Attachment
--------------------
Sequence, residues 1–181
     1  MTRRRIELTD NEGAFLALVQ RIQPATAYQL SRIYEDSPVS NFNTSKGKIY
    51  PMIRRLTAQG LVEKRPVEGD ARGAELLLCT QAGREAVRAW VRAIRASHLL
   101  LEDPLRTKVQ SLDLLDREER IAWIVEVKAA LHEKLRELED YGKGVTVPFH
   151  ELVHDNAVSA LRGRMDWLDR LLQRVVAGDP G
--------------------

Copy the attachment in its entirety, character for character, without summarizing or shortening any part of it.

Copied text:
Sequence, residues 1–181
     1  MTRRRIELTD NEGAFLALVQ RIQPATAYQL SRIYEDSPVS NFNTSKGKIY
    51  PMIRRLTAQG LVEKRPVEGD ARGAELLLCT QAGREAVRAW VRAIRASHLL
   101  LEDPLRTKVQ SLDLLDREER IAWIVEVKAA LHEKLRELED YGKGVTVPFH
   151  ELVHDNAVSA LRGRMDWLDR LLQRVVAGDP G